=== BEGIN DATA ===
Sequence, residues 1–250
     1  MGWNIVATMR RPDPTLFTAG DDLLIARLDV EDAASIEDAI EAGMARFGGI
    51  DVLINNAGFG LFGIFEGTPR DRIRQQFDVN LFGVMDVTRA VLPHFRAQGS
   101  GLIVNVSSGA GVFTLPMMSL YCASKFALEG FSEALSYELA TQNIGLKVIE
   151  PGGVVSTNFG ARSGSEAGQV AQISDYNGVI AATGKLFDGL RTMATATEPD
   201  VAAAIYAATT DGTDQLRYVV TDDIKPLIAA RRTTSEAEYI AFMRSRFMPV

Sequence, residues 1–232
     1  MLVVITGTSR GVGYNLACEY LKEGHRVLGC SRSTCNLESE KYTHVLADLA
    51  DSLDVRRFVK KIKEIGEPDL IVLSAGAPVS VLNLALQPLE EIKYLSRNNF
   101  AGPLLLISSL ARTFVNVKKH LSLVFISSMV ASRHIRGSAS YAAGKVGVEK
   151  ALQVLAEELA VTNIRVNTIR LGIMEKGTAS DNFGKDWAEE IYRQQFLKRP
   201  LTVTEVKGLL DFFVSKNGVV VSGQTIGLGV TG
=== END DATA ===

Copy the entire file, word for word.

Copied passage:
Sequence, residues 1–250
     1  MGWNIVATMR RPDPTLFTAG DDLLIARLDV EDAASIEDAI EAGMARFGGI
    51  DVLINNAGFG LFGIFEGTPR DRIRQQFDVN LFGVMDVTRA VLPHFRAQGS
   101  GLIVNVSSGA GVFTLPMMSL YCASKFALEG FSEALSYELA TQNIGLKVIE
   151  PGGVVSTNFG ARSGSEAGQV AQISDYNGVI AATGKLFDGL RTMATATEPD
   201  VAAAIYAATT DGTDQLRYVV TDDIKPLIAA RRTTSEAEYI AFMRSRFMPV

Sequence, residues 1–232
     1  MLVVITGTSR GVGYNLACEY LKEGHRVLGC SRSTCNLESE KYTHVLADLA
    51  DSLDVRRFVK KIKEIGEPDL IVLSAGAPVS VLNLALQPLE EIKYLSRNNF
   101  AGPLLLISSL ARTFVNVKKH LSLVFISSMV ASRHIRGSAS YAAGKVGVEK
   151  ALQVLAEELA VTNIRVNTIR LGIMEKGTAS DNFGKDWAEE IYRQQFLKRP
   201  LTVTEVKGLL DFFVSKNGVV VSGQTIGLGV TG